Jun 21 2012
A new study (yet to be published) apparently suggests that productive confusion can enhance learning. I find this conclusion to be highly plausible, but before I get to my thoughts on the matter let me summarize the study (or at least the press release).
Sidney D’Mello of the University of Notre Dame conducted a series of experiments in which subjects watched animated figures explain how to analyze scientific studies and discover any flaws. They were then tested on what they learned and their ability to analyze new studies. In some versions of the lessons the animated figures disagreed with each other and gave contradictory information, in order to generate confusion in the student. Students subjected to this confusion then performed better on later testing.
I cannot analyze the study itself as it is not yet published. I did, however, want to discuss the topic of confusion as it relates to learning and understanding. Taken at face value, the results of this study make sense to me and comport with my personal experience. In fact, they align with one of the core principles of the skeptical movement.
I am often asked the educational value of analyzing such pop claims as bigfoot, aliens, and astrology (to cite a few classic pseudosciences). Certainly, some argue, these topics are of little genuine scientific value. I agree in that it is highly unlikely that, for example, there is a large undiscovered primate living in the Pacific northwest. Skeptics address such issues for a few reasons, but primarily because it is an excellent opportunity to teach legitimate science. It is also a great case study in pathological science and the cognitive and psychological factors that lead individuals to cling to highly implausible and discredited beliefs. We all suffer from these biases and flaws in thinking, and so understanding them thoroughly through the examination of extreme cases is very useful.
Specifically related to this new study, I also find that correcting a misconception is an excellent way to learn concepts in general and science specifically. Error and misunderstandings are very instructive, forcing you to consider the topic more deeply to understand why a certain misconception is common and how we know it’s wrong. Correcting error encourages you to explore the full intellectual space surrounding an idea, rather than just accepting the idea itself.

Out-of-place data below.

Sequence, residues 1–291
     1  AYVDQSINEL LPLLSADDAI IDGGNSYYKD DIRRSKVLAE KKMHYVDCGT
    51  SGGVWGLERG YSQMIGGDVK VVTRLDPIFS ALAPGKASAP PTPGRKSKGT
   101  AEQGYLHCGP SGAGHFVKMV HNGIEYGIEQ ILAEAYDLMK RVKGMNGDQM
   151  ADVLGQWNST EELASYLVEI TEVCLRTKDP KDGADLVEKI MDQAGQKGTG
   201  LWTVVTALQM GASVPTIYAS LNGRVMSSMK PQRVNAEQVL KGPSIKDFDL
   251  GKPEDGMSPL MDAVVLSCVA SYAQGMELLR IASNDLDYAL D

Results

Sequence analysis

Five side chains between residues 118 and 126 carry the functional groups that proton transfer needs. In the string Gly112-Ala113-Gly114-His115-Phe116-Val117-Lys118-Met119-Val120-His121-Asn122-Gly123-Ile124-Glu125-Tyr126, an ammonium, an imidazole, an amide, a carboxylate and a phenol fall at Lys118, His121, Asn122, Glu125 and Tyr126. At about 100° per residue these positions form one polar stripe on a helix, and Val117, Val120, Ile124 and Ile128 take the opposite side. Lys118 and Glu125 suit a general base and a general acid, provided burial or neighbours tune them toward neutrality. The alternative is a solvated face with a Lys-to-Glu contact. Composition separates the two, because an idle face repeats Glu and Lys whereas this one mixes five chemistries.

My favorite example of this principle is creationism, which was my gateway topic into general scientific skepticism. Creationists are profoundly wrong about science and evolution in countless ways, and in order to understand exactly why they are wrong you have to have a fairly good working knowledge of evolutionary theory. For example, creationists claim that there are no transitional fossils. This claim is partly just a denial of demonstrable facts, such as the existence of transitional fossils. But when confronted creationists will evade such evidence by claiming that, say, Archaeopteryx is just a bird and is not necessarily transitional between reptiles and birds. This in turn forces a careful definition of what it means to be transitional (such as morphologically transitional vs phylogenetically transitional). Related concepts such as homology vs analogy come into play as well.
In the end, once you have thoroughly refuted the creationist claim that there are no transitional fossils, you have explored many evolutionary concepts and specific pieces of evidence, including how scientists make sense of the evidence and have tested their own ideas.
Part of the educational advantage of this approach is that it is very cognitively active. Just being told the current consensus of scientific opinion can be very passive, and does not necessarily force you to think. Debunking nonsense is a very active cognitive process, which leads to both greater understanding and memory.
In this respect the current study is in line with prior psychological research on learning and memory – the more engaged the student is in the process the better they learn and remember.
Good science teachers have been doing this for a long time. Debate is one way to get students to engage with the material. In one evolution class I took in college we had to read a science fiction novel with an evolutionary theme and then critique the science in the book. This is similar to taking apart the science in current science fiction movies, like Prometheus (which is a target-rich environment).
In short, I believe that skepticism is a great way to learn science and critical thinking. Probing for what is wrong with an idea or claim is central to science, and that, essentially, is what skepticism is.
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